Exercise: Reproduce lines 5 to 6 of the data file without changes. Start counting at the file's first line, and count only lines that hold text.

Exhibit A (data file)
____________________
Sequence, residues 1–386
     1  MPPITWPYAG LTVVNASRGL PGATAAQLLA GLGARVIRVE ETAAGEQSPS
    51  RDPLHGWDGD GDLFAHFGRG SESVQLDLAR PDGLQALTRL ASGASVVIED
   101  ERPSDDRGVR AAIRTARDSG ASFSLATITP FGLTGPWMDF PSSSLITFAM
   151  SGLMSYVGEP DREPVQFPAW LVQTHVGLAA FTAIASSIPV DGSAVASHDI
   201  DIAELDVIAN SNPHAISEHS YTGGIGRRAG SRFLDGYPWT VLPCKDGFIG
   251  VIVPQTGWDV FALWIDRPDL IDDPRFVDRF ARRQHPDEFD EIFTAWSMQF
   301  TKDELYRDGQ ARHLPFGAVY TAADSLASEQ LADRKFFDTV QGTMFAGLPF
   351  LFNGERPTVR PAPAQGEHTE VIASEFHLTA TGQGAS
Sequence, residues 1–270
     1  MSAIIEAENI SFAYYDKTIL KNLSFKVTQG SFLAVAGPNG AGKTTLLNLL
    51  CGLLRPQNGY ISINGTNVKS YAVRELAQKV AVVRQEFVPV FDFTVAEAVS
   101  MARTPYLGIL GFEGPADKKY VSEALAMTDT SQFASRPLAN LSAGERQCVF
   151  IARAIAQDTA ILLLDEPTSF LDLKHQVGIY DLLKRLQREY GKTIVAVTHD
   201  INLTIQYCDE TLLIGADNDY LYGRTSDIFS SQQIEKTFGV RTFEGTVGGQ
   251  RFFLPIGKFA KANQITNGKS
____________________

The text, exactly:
   151  SGLMSYVGEP DREPVQFPAW LVQTHVGLAA FTAIASSIPV DGSAVASHDI
   201  DIAELDVIAN SNPHAISEHS YTGGIGRRAG SRFLDGYPWT VLPCKDGFIG